Once I had something that kinda worked Jordan jumped in and converted it into a functional Binary Ninja plugin and cleaned up some of the code smell that occurs when you’re hacking away on a problem.

While developing the plugin I came across some incredibly useful Binary Ninja plugins which I feel need a mention:


SENinja is a symbolic execution engine for Binja, built using the Z3 SMT solver. It implements a LLIL emulator that builds and manipulates Z3 formulae. Although the intentions of SENinja are much more complex then what I was using it for, it was really useful to have something I could compare with (I didn’t want to turn on a Linux VM and use a debugger and deal with possible anti debugging tricks).

What SENinja looks like while emulating a function

BNIL Instruction Graph

BNIL Instruction Graph allows you to click on a line of IL and generate a graph of the IL operations that make up that line.


The difference in complexity between a line of LLIL and HLIL is surprising. However it makes sense once you understand that HLIL exists to allow higher level control flows to be recovered with the intention of producing a source code representation, typically in an emulator though you don’t need this kind of high level control flow data.

Another powerful feature of BNIL Instruction Graph is the ability to generate specific IL matching templates that are convenient starting points for building IL code:

def match_LowLevelIL_10a6df6_0(insn):
    # ecx = ecx ^ edx
    if insn.operation != LowLevelILOperation.LLIL_SET_REG:
        return False

    if != 'ecx':
        return False

    # ecx ^ edx
    if insn.src.operation != LowLevelILOperation.LLIL_XOR:
        return False

    # ecx
    if insn.src.left.operation != LowLevelILOperation.LLIL_REG:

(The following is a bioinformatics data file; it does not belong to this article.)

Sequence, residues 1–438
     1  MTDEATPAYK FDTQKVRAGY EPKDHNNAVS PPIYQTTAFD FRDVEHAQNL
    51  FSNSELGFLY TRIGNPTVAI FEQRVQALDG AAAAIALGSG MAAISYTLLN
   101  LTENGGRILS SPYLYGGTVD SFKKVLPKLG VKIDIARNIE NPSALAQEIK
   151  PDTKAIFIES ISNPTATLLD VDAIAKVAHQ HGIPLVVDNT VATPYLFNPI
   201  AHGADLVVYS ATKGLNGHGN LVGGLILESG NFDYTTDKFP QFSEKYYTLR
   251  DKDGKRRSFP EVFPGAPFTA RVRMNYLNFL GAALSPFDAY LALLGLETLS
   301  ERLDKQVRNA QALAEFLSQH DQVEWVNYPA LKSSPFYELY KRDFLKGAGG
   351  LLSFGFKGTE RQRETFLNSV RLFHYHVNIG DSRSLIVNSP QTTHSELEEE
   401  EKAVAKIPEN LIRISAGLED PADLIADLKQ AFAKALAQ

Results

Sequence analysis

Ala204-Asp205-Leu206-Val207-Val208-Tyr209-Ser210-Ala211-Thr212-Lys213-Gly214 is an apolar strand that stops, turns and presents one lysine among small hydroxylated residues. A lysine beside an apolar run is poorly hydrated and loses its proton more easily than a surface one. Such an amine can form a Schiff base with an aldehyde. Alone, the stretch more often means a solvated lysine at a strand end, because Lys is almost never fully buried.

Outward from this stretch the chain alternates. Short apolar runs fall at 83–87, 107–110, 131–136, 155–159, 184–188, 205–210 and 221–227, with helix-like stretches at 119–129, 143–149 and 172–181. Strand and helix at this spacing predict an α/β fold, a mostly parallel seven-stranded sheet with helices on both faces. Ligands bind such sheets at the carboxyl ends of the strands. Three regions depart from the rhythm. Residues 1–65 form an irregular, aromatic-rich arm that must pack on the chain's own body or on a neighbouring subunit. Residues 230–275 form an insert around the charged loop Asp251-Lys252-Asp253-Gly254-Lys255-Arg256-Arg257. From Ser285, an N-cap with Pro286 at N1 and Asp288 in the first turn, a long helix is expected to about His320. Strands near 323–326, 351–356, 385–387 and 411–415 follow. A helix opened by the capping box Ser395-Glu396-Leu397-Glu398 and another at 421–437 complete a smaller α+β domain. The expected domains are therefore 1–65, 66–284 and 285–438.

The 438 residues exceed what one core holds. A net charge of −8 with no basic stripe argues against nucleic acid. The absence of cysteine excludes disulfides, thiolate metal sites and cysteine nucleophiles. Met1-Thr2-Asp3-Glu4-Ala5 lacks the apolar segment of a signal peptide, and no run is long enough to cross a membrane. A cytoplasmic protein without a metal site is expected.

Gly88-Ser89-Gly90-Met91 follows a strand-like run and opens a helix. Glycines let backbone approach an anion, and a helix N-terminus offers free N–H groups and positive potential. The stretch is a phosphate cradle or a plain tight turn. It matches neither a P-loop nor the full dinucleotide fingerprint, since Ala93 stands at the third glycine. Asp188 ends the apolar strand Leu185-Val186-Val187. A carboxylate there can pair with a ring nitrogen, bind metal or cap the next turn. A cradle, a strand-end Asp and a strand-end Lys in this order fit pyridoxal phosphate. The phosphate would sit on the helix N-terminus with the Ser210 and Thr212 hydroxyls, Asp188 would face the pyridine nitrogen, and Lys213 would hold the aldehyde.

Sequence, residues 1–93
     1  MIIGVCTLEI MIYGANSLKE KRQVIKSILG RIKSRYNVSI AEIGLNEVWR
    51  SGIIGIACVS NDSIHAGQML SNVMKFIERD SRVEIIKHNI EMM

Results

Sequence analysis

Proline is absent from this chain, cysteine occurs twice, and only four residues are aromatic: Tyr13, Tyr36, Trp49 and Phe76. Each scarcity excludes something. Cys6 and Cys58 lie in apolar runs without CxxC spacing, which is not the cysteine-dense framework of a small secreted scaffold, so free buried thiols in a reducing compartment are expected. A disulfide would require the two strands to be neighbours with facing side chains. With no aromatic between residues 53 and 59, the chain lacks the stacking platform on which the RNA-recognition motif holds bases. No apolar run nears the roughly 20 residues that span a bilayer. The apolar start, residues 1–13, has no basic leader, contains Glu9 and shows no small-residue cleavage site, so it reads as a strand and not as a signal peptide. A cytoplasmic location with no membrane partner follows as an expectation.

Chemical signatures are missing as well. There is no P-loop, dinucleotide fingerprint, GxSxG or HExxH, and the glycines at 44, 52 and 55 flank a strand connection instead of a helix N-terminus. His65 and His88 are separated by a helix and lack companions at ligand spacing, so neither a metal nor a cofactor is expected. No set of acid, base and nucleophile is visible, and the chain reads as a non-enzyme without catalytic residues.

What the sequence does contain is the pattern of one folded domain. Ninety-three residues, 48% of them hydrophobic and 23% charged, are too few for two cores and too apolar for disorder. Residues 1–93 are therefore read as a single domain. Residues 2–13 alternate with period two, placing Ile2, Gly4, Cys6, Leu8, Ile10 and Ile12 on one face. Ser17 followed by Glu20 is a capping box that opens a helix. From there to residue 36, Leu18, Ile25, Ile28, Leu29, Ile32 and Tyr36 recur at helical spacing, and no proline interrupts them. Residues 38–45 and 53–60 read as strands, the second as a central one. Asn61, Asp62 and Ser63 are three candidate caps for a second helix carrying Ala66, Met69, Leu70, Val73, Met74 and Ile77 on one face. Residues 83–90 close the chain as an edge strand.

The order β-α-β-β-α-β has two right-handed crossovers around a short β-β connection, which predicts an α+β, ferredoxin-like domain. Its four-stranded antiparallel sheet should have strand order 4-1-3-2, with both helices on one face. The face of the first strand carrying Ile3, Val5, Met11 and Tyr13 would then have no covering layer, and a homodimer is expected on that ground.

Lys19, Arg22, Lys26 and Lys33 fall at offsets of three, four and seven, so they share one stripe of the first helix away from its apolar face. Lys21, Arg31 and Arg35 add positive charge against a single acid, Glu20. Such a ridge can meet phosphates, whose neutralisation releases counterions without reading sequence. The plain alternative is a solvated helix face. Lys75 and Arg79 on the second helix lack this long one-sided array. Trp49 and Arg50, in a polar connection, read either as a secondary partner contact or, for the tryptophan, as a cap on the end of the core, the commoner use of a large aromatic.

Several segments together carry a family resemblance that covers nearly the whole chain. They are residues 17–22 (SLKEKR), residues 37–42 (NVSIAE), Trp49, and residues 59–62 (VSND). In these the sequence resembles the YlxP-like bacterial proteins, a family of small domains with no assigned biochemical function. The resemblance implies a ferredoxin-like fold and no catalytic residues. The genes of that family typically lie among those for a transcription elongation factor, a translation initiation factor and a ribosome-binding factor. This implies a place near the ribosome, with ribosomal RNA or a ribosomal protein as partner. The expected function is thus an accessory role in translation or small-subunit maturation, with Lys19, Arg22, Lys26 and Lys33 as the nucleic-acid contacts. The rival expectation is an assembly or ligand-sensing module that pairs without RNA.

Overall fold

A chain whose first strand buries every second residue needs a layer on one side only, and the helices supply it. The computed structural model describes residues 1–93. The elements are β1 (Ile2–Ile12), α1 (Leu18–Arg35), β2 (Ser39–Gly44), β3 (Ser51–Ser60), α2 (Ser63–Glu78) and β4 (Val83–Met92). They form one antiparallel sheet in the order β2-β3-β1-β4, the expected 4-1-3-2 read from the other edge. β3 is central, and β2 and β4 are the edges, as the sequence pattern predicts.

return False

    if != 'ecx':
        return False

    # edx
    if insn.src.right.operation != LowLevelILOperation.LLIL_REG:
        return False

    if != 'edx':
        return False

    return True

Can haz please?

As the usage of Golang by malware authors increases, so will their understanding and capabilities within the Go ecosystem. Right now gobfuscate is the main obfuscator used by actors using Golang, but this won’t always be true. As a Hacker News comment puts it: this is fairly weak. Gobfuscator doesn’t implement control flow obfuscation, the runtime functions aren’t obfuscated and at most gobfuscate serves mostly as an annoyance and a thinly veiled layer of obscurity.

Solver at work!

You can download the Binary Ninja plugin on the plugin manager or download the code from the GitHub repository linked here. Additionally you can find the Blackrota 32-bit and 64-bit Binary Ninja databases to look at on Binary Ninja cloud.


  • A massive thanks to the people in the Binary Ninja Slack who answered some of my questions while I was getting started.
  • Josh Watson, for his permissibly licensed emulator that I was able to use to get an idea of what was required to achieve my goal.
  • Jordan Wiens, for providing assistance during development, cleaning up messy code, filing a couple of Binja bug reports for me and generally answering questions about Binary Ninja.
  1. I’m not implying that gobfuscate’s string encoding method is particularly impressive; going back to at least 2013 malware such as Zeus has used a unique key per string. 

  2. Binja supports a bunch of different architectures.